There exists, at times, a peaceful tranquility in simplicity. The absence of any constant motion or a complex center of visual interest can leave one in a state of mental bliss. This is the center point of any great minimalist art piece, and also the focus of THOTH; a twin stick shooter that abandons substance for overly simplistic style and a brutal combat system. It falls into the trap of providing unique visuals but abandoning any real tangible objectives or rewards; a problem that indie games find themselves in all too often. While the core mechanics of the game are solid, it’s the general lack of content, and the painful difficulty spike, the really dull its shine.
The biggest problem facing THOTH is it complete and utter lack of filler. There is no story, goal, upgrade system, or primary gameplay loop that would make the player want to revisit the game, save to finish it. This might be due to the fact that THOTH’s development team is so minuscule, but greater indie titles have come from one man teams in the past. Despite being a threadbare gaming experience, THOTH does offer up a few unique gameplay concepts that put a twist on the typical twin-stick shooter formula.
THOTH is your typical top-down twin-stick shooter, but with a few modifications. The player acts as a small white dot that maneuvers around a relatively small arena, shooting at a variety of colored shapes. Movement is slowed as the player shoots, which creates an interesting dynamic that makes THOTH more of a puzzle game than a shooter. The player’s every move must be carefully considered as an increased number of enemies with a multitude of abilities assails you in the later levels. Enemies’ abilities range from faster movement to quick projectiles and even an ever increasing black hole that can kill the player upon contact.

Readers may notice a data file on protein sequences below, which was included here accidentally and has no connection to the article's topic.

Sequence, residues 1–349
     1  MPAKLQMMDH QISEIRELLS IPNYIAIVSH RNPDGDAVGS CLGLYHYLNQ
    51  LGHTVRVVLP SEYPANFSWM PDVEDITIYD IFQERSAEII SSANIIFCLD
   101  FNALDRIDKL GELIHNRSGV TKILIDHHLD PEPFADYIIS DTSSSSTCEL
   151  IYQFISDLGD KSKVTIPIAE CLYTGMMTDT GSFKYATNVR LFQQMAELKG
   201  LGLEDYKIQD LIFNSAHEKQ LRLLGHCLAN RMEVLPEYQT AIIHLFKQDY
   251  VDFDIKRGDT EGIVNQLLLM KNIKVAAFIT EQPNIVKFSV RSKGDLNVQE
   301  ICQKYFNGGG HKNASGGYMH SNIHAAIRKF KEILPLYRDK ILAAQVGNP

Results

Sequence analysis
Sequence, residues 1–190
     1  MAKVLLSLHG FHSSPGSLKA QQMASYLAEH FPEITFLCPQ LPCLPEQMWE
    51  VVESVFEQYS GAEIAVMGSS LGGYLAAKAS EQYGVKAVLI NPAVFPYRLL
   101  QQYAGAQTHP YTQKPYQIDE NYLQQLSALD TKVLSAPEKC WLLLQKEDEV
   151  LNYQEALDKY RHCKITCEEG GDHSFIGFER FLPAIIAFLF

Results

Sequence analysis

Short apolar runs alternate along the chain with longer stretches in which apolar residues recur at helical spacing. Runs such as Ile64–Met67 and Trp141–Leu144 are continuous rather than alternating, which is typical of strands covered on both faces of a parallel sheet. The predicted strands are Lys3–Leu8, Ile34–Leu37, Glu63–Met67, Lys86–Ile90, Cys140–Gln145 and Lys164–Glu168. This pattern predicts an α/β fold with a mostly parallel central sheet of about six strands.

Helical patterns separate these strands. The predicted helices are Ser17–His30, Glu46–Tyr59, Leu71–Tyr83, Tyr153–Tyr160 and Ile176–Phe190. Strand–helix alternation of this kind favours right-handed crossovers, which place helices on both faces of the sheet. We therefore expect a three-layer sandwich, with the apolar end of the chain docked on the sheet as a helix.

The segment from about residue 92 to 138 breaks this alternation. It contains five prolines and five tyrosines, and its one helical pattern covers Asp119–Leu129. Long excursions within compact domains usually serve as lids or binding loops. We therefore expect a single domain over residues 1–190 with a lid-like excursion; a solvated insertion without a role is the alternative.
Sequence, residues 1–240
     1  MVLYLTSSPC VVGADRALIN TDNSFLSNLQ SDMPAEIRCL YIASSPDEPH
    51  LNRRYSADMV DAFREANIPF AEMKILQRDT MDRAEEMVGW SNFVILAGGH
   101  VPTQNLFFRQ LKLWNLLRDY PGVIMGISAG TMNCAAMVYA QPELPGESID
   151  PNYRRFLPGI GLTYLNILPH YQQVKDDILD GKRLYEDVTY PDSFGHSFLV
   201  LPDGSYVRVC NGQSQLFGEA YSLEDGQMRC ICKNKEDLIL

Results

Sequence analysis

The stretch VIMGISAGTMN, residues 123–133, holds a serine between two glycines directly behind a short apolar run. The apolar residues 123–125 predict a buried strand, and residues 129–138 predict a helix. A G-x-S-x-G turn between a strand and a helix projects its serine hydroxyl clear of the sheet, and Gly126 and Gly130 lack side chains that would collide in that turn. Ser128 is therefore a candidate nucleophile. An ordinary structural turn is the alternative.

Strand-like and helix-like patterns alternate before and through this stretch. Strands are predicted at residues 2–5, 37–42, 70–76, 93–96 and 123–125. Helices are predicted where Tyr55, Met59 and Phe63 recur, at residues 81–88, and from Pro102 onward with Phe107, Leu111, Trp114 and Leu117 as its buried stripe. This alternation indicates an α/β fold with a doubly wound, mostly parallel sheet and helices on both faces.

Levels in THOTH can either breeze by or slog on depending on the player’s skill level. While the earlier levels can be beaten with relative ease, it’s the end stages that provided the most grief. Checkpoints are reached in sets of four, with three basic levels proceeding a boss. If the player dies anywhere during their fight towards the boss, they are given one retry and then sent back to the beginning of the stage. This level grouping also acts as a way to introduce the player to new enemy types. One set of a level might only be filled with squares that break apart into smaller projectiles upon death, while another might be filled with the aforementioned black holes. Players can also bring a friend along to help in local co-op, but with the frantic nature of movement and the difficulty of most levels, this may end up being a hindrance rather than a benefit for some players.
THOTH’s fresh take on a classic genre is as refreshing as it is lackluster. Stylish yet barren level design and an overall lack of meaningful content stop this twin-stick shooter from elevating itself to a truly great title. While its art direction and design are unique and pleasing to look at, it’s the threadbare holistic look at THOTH that kept me from enjoying what it had to offer.